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July 14, 2011

Pareto

Evidence for Greenspan (now Bernanke) Put?

Post 2007 crash, we saw Alan Greenspan descend from being the world’s best central banker to being perhaps one of the worst. If Liaquat Ahmed were to do a sequel of the Lords of Finance, it would surely feature how Greenspan got it so wrong.

Swiss National Bank economist PAMELA HALL looks at another legacy of Greenspan (Is there any evidence of a Greenspan put? SNB WP 2011-6). Based on Greenspan ideology, Fed did not intervene during asset bubble build up, but intervenes aggressively when the bubble bursts. Markets call it the Greenspan Put as Fed will always cut rates when there is a financial problem.

Hall looks at whether Greenspan Put is empirically valid. She argues that there is evidence of this Put option and markets are right in believing that Fed will bail it out each time they land in trouble. She looks at Fed policy in the last 20 years and finds this evidence is consistent in each bubble burst since 1987, when Greenspan managed his first crisis.

Thanks to the Greenspan force, this ideology became mainstream and we now have Bernanke Put, Trichet Put and King Put as well. This obviously has dangerous ramifications as players can keep piling on the risks assuming central banks will take care of them in case of a fallout.

How Vernon Smith has helped us understand Adam Smith better

MARIA PIA PAGANELLI of Yeshiva University in a paper (The Same Face of the Two Smiths: Adam Smith and Vernon Smith) connects the two Smiths.

She asserts that most economics is based on rationality and self-interest. However this is not always the case as we see humans valuing cooperation and fairness tool. Adam Smith’s The Theory of Moral Sentiments was based on these ideas. Smith said that there are other things that the humans value — sympathy, and an innate desire to be both praised and praiseworthy.

Vernon Smith took these ideas forward and demonstrated via experiments all around the world that people did value cooperation and fair-play, and were sympathetic to others. This led to people either monitoring and giving punishment for non-cooperative behaviors or following internalised rules of conduct that promote fair and cooperative behaviors. For instance, using undergraduate subjects from the University of Arizona, even with double blind procedures, 29 per cent of second movers choose $25 for self and $15 for other, over $40 for self and $0 for other, after the first movers have forgone $10 for self and $10 for other. Additionally, cooperation and fairness are also observable in many foraging societies across the globe, although in different forms from the ones observed in industrialised countries.

Gulf countries implementing a monetary union — lessons fom Euro

It is ironical that Gulf economies are opting for a monetary union when the Euro experiment has turned sour. In December 2009, Saudi Arabia, Kuwait, Bahrain and Qatar decided to form a monetary union, followed by Oman and the UAE.  UAE has reservations over choice of Riyadh as the base for the new central bank and Oman could not meet the union’s prerequisites.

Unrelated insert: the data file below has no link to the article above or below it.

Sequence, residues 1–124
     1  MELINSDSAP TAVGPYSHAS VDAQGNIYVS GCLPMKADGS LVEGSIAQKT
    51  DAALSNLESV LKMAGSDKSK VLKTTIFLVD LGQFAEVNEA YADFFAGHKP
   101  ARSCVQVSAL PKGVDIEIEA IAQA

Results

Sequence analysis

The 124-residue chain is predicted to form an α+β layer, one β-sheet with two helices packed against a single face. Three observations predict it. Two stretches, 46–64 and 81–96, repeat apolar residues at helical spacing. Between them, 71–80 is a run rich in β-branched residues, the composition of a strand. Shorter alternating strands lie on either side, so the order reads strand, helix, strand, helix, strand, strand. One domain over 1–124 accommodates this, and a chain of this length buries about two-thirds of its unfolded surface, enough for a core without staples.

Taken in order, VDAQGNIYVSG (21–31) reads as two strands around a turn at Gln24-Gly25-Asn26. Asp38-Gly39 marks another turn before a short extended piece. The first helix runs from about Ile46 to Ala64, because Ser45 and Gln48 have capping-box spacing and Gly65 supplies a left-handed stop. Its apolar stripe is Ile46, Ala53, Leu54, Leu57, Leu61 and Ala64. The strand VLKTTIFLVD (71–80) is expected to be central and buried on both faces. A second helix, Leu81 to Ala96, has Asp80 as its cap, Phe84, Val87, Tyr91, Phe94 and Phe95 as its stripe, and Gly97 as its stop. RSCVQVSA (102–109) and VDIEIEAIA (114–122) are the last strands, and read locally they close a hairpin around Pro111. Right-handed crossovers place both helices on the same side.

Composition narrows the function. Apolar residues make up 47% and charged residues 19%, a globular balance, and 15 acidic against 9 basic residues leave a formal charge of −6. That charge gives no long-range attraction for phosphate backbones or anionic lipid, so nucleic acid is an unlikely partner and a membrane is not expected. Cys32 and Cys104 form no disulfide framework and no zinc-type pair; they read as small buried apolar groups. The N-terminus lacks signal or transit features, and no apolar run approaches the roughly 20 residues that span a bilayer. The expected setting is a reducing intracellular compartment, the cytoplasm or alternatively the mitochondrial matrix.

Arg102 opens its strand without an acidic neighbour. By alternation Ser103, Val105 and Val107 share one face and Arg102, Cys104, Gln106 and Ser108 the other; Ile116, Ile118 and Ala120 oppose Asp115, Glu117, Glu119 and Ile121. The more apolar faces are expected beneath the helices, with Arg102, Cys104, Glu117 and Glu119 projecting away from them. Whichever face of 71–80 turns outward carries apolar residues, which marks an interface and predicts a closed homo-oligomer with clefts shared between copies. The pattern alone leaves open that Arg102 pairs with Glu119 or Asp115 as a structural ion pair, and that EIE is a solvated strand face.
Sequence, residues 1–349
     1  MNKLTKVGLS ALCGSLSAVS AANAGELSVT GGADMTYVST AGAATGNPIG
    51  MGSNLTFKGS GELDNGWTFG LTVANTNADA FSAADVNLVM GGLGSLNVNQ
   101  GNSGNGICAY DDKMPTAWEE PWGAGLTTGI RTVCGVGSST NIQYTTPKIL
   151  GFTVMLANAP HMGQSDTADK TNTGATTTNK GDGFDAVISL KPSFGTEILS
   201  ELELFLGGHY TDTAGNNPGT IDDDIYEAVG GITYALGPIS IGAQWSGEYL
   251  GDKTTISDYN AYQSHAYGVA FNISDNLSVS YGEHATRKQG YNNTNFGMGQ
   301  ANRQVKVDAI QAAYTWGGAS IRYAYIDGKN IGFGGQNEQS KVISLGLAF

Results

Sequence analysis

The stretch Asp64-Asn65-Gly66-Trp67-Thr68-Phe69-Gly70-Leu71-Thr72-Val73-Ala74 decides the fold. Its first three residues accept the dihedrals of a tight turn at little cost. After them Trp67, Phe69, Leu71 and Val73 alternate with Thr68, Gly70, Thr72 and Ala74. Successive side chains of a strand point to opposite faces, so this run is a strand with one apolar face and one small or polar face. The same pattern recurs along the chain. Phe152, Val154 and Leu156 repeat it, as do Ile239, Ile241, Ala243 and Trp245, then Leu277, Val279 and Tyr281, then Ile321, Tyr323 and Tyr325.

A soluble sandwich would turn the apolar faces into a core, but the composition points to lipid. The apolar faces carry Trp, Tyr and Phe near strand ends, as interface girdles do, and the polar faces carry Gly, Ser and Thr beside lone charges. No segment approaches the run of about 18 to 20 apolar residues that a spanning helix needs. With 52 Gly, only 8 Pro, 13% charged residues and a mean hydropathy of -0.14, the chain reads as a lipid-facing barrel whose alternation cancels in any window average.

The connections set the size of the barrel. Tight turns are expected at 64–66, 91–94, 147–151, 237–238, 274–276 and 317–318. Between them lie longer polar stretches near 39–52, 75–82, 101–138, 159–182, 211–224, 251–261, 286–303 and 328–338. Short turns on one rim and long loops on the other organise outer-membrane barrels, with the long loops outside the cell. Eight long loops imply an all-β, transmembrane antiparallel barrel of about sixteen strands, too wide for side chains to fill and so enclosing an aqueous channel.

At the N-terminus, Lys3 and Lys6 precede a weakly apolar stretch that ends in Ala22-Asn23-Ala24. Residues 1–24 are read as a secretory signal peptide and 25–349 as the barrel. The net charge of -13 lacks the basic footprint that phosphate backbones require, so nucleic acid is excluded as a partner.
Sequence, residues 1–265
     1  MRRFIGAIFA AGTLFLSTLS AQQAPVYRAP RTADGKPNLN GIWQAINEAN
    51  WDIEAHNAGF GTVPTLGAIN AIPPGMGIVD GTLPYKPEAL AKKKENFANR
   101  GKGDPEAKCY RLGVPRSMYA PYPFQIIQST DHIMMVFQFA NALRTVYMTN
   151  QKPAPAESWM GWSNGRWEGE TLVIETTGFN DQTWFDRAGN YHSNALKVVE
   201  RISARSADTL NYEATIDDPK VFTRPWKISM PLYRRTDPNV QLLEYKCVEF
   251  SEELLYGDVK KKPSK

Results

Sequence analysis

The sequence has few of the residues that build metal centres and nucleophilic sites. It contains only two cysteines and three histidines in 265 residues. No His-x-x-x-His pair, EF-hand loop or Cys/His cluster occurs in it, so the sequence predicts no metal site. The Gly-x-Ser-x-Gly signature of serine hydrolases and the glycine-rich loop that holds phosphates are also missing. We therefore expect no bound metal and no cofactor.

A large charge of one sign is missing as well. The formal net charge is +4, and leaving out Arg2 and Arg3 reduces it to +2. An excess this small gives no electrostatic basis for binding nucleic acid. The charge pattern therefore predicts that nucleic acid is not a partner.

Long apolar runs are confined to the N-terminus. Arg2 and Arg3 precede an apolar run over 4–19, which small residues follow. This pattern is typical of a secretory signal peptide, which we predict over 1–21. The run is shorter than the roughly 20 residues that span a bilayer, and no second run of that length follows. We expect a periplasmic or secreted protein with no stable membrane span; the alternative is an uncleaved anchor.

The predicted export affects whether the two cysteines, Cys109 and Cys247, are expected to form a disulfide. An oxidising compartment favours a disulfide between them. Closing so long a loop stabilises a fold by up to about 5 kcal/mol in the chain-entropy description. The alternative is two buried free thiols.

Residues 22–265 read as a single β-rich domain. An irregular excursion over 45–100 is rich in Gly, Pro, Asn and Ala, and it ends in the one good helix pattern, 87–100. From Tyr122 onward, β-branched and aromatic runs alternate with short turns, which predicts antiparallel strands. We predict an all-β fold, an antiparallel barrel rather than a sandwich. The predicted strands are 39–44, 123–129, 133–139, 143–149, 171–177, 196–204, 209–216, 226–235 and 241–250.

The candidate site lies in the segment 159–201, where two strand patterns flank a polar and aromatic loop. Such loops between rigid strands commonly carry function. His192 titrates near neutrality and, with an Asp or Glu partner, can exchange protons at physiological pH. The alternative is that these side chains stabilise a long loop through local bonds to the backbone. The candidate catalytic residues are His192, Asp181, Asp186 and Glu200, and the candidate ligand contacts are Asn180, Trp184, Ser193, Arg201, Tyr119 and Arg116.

JOHN WHITTAKER of Lancaster University looks at this new union and points to lessons from Euro (The Gulf Currency: Lessons from the Euro). He points GMU would be much smaller than EMU and barring Bahrain, have fiscal and current account surpluses. But then this is mainly because of oil resources. Again like the Euro, there are major political reasons for GMU to succeed. In EMU Germany is the centre and GMU it is going to be Saudi.

The author then looks at how the transition would be made and debates whether the common currency should be pegged or allowed to float. He says it should move towards free float to give credibility to the new arrangement.

This will be an interesting experiment for sure. The linkage of this union to world oil markets is going to be significant. Any problems in former could lead to problems in latter.

Is New Economic Geography (or Krugman) right?

In his New Economic Geography (NEG) theory, Paul Krugman showed how economies of scale along with falling transportation costs can trigger a self-reinforcing process whereby a growing urban population gives rise to more large-scale production, higher real wages and a more diversified supply of goods.

JESSIE HANDBURY and DAVID WEINSTEIN of Columbia University explore the idea whether large cites lead to lower prices and more varieties (Is New Economic Geography Right? Evidence from Price Data).

The paper says that both NEG and Krugman are right. Larger cities lead to lower costs and more varieties. For example, residents of New York (population 9.3 million) can choose between 97,000 different types of groceries, whereas residents of Des Moines (population 456,000) only have access to 32,000 varieties. Further, a household that moved from Des Moines to New York and purchased goods from the same type of stores in the same types of neighborhoods in the two cities would realise a 9 percent drop in the overall cost of its grocery purchases.

One often cribs how costly India’s metros are compared to other towns. The above paper turns the whole thing upside down. Surely one gets more varieties in metros compared to smaller cities. Would adjusting for this high variety lead to lower grocery inflation in India’s metros as well?


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